Cryptocurrencies have experienced a boom in recent years. And with them, a multitude of projects and companies have emerged. This abundant ecosystem is still poorly regulated in the world. The European Union (EU), however, will give birth to a first regulatory framework, which could serve as an example for other nations. On October 10, the MiCA (Markets in Crypto-Assets) and TFR (Transfer of Funds Regulation) texts were definitively adopted by the European Parliament’s Committee on Economic and Monetary Affairs.
They must establish a set of rules within the European Union, with which brokers and platforms offering services related to crypto-assets will have to comply. A framework likely to reassure savers and strengthen the security of their investments in this new class of assets, regularly targeted by crooks and hackers. The publication of TFR and MiCA in the Official Journal of the EU is scheduled for early 2023, before entry into force between 12 and 18 months later, therefore not before 2024.
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Here are the key points to remember from these two texts, which should still be accompanied by technical details on the operational implementation of certain measures.
Establishment of an accreditation at European level
MiCA will require brokers and exchange platforms offering crypto-assets to have CASP approval, acronym for “Crypto Asset Service Provider”, in order to operate within the Union. This new status will allow brokers and platforms actually approved to benefit from a European passport, which will give the possibility of offering its services and promoting them in the 27 member countries.
In France, PSAN registration and accreditation, for “digital asset service provider”, has already been implemented by the Pacte law of 2019. Today, more than fifty players are PSAN registered with the Financial Markets Authority (AMF), but none yet has approval.
However, “the status of CASP at European level is closer to approval than to PSAN registration”, underlines Hugo Bordet, head of regulatory affairs at Adan, lobby of the crypto sector in France. “Several requests for approval should nevertheless succeed in the coming months”, he confides.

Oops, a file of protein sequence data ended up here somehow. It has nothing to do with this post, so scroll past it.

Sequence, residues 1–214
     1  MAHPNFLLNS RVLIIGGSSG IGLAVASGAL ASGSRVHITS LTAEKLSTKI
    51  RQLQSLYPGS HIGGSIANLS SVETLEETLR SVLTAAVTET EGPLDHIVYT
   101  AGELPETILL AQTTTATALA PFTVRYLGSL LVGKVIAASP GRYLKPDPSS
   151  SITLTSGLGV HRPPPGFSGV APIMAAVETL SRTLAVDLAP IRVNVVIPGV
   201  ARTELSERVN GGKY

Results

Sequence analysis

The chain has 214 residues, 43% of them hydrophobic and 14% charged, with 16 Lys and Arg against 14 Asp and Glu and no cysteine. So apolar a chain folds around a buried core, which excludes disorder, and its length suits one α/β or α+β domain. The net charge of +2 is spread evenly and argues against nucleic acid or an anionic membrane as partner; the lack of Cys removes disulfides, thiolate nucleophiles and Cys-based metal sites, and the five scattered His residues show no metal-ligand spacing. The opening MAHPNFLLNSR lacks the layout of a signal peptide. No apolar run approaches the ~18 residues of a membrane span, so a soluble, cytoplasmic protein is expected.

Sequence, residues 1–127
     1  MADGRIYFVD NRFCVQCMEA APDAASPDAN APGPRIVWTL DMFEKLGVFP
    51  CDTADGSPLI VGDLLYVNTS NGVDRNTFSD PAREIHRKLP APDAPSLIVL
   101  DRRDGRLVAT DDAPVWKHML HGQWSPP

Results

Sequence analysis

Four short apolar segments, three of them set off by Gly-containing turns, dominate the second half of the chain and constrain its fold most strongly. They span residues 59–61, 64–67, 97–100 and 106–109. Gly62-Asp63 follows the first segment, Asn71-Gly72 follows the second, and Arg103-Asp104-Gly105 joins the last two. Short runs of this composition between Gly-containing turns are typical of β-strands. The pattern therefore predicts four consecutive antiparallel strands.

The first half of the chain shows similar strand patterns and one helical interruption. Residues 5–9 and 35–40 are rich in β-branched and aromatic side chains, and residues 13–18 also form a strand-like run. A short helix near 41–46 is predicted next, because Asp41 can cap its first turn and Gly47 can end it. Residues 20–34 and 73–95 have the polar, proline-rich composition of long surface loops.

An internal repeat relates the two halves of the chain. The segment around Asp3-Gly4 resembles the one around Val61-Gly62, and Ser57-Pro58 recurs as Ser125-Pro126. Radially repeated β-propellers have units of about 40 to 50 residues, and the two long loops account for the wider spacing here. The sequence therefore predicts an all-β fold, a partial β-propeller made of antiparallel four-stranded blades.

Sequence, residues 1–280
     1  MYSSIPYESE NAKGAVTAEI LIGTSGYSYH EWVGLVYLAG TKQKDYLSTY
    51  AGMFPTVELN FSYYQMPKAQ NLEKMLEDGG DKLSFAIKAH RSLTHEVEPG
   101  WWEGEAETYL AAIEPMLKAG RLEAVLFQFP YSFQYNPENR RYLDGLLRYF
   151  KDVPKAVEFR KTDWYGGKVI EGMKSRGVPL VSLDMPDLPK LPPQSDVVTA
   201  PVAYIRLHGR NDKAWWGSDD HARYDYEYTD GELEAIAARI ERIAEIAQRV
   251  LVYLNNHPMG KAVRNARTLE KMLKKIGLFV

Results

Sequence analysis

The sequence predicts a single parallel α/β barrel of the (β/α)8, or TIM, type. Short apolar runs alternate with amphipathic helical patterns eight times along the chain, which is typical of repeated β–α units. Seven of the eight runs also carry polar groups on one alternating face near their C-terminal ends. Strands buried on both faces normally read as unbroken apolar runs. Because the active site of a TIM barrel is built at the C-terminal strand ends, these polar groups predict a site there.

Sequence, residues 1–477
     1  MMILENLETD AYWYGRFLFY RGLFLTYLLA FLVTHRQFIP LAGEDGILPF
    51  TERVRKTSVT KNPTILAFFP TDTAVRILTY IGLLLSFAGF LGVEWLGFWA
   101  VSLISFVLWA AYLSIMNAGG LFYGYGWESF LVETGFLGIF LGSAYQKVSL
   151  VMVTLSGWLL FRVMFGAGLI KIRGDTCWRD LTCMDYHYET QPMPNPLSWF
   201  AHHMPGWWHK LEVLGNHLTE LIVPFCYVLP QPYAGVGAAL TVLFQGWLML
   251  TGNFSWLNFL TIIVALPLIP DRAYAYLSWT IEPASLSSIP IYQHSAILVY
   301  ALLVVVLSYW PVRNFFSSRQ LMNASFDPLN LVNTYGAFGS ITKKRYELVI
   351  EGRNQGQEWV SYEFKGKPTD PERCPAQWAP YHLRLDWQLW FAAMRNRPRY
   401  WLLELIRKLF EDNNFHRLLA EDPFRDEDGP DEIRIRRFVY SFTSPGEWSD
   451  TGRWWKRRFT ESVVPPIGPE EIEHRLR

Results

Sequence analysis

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In addition to the implementation of a system to fight against money laundering and the financing of terrorism, already provided for in the framework of the PSAN registration in France, the actors seeking CASP authorization will have to demonstrate a resilient and secure IT system, present a clear pricing policy and a customer information system, in particular concerning the risks associated with investing in crypto-assets. They will also be required to have a sufficient level of capital.
Finally, the good repute and experience of the leaders will be subject to checks by financial regulators, as is already the case for brokers and platforms registered PSAN. These are all points that should bring more security and transparency to savers.
Inform about the environmental footprint of crypto-assets
CASP players will also have to provide their clients with details of the environmental footprint of the various crypto assets. The ban on proof of work was ultimately not retained in MiCA. This mechanism, closely linked to the mining process, is necessary for the validation of transactions for certain cryptocurrencies such as bitcoin. It also requires a large amount of electricity to operate.
The CASPs will have to explain its impact on the environment and probably the energy mix used, via clear and non-misleading information, accessible to the customer who wants to buy bitcoin. Regardless of the cryptocurrency, the same transparency will be required. Information will have to be provided on each computer protocol, like the labeling of washing machines on their energy consumption.
The problem is that there is no established consensus on the footprint of the different cryptocurrencies, starting with the first of them, bitcoin. “There is a lot of data on bitcoin, but not yet sufficiently precise”, underlines Hugo Bordet, when they are not questioned. And for other blockchains operating with proof of work, on which cryptocurrencies such as the Litecoin and Dogecoin, data may be missing, not to mention even more confidential digital tokens.
This is why details are still awaited from the European Commission, which will present a report on the environmental footprint of crypto-assets to the European Parliament and the Council of the EU within a few months.
Exchange of information on platform customers for each transaction
As part of a cryptocurrency transaction, future CASPs will be required to share information on the originator as well as the beneficiary of the transfer of crypto assets. A measure provided for this time in the TFR text and intended to better fight against money laundering and the financing of terrorism.
The information exchanged between two CASPs involved in a transaction will include: